Not long ago, it was thought that God created all species. That changed in 1858, with the remarkable “Theory of Evolution”. It is the most revolutionary concept in the history of science. Nothing else has more radically changed our understanding of the natural world and ourselves. A theory is an idea about how something in nature works that has gone through various testing and observations with experiments designed to prove the idea right or wrong. When it comes to the evolution of life, various philosophers and scientists proposed different aspects of what later would become evolutionary theory. But evolution did not reach the status of being a scientific theory until the famous Charles Darwin, published his book On the Origin of Species in 1859. This article covers the path that led Darwin to the theory of evolution, what ideas he built on, who all added to these theories of evolution and how was this concept accepted by the scientists during those times.
The English naturalist Charles Darwin's "Theory of Evolution" was once described as "the single best idea anyone has ever had”, which proposes that all life including humans, is related and is descended from a common ancestor. Before Darwin's theory, published in "On the Origin of Species" in 1859, it was believed that man came from an archetype created by God, and was set apart from animals. His theories showed creation had taken longer than the Biblical seven days and that man was likely to be descended from apes. Darwin with his scientific contemporary, Alfred Russel Wallace, proposed that evolution occurs because of a phenomenon called natural selection. Although, before this discovery of modern evolution, several Greek writings and some theories of evolution emerged during the mid-16th century.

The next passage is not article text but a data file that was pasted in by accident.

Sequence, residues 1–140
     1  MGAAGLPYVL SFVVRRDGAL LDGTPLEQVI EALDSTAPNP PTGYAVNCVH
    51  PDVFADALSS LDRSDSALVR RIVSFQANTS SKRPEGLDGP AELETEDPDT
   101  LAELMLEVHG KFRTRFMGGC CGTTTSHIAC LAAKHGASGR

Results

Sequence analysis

Charles Darwin, carbon-print photograph by Julia Margaret Cameron, 1868.
Image: Courtesy of the International Museum of Photography at George Eastman House, Rochester, New York
Evolutionary concepts were first seen in early Greek writings, for example, in the work of Anaximander and Empedocles. The former proposed that animals could be transformed from one kind to another, while the latter speculated that they could be made of various combinations of pre-existing parts. However, for several years subsequent theories were restrained from developing and challenging the belief of special creation, due to the restraining influence of the Church. Although, the growth of scientific observation and experimentation led to some theories of evolution beginning to emerge after the mid16th century.